Wednesday, December 19, 2012

UK economy: stimulus needed. Osborne or rational?

Although Economics is the study of a ferociously complex and unpredictable system, it is also capable of being at times, fairly simple.

A banker on BBC says of the UKs economic performance in 2012 that inflation cuts into peoples' income, which puts their spending down, which reduces their demand in the economy, which reduces production and trade, which throws people out of their jobs, which puts their spending down, and so on.

Quite true. Negative feedback. A downward spiral.

To overcome the downward spiral a stimulus is required.

There are two approaches to this stimulus.

Chancellor Osborne believes that the best stimulus is to stimulate private businesses by
  • crippling the competition by running down public services (under the flag of reducing the deficit), which throws people on the dole, increases Social Security payments and burdens the NHS.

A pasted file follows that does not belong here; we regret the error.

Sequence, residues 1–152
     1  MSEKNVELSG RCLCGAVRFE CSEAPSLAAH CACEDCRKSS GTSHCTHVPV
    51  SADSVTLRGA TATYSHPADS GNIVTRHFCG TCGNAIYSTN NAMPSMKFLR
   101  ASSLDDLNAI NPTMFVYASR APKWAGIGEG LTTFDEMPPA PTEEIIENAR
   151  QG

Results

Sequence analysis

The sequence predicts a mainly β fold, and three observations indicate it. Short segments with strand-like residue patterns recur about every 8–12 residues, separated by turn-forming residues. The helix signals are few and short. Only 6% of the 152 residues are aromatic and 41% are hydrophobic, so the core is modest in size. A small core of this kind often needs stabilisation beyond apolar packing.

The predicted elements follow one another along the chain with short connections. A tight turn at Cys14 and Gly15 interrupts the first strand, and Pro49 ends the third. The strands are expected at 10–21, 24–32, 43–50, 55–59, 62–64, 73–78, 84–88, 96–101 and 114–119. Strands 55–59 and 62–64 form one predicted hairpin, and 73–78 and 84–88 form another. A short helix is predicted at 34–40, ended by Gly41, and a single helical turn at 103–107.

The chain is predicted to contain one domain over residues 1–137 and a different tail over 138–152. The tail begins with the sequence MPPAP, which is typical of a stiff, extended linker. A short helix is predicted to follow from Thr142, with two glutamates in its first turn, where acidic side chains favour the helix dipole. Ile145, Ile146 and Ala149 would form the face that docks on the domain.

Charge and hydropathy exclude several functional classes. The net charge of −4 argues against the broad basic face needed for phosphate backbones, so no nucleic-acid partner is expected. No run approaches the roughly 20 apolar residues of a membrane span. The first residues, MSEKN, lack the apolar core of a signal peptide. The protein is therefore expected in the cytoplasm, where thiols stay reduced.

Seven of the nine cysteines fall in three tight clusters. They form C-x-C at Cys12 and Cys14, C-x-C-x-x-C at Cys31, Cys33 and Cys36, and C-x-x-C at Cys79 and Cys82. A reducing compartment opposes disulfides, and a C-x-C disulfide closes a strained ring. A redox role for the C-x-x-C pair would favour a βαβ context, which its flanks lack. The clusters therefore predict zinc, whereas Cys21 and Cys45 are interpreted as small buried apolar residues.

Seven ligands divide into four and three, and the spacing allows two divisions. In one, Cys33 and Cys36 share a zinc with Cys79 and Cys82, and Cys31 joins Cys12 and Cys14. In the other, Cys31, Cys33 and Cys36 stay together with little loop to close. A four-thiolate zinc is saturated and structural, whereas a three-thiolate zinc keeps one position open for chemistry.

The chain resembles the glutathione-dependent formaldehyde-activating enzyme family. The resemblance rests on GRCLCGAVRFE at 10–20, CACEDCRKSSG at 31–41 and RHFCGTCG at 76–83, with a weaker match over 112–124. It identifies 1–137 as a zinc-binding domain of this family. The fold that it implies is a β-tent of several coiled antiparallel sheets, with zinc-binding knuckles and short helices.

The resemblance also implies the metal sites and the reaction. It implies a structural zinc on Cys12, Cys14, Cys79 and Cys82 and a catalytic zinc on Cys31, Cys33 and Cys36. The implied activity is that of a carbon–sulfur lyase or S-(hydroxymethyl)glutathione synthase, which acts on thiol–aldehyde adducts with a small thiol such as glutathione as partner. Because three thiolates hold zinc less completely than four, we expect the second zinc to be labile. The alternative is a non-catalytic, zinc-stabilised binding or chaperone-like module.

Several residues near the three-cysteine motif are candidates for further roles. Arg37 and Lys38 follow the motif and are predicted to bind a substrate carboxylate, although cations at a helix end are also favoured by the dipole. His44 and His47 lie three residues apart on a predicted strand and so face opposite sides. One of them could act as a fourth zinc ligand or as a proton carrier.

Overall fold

• reducing tax on the rich, who can then send their extra money to tax havens abroad
  • reducing regulation on business who can send their extra money abroad
Rational economists believe that the best stimulus is to stimulate the whole economy by
  • creating housing, which provides jobs and saves money.  
  • providing insulation  that reduces householders heating bills which provides jobs and takes people out of fuel poverty.
  • stimulating renewable energy industries, which provides jobs and helps our descendants to live in a normal climate.

This is the basic choice. Obviously there is more to it, and the work of economists is to quantify the gains and losses attached to each choice, but on a first look, qualitative basis, it looks as if the rational approach wins hands down over the Osborne approach. 

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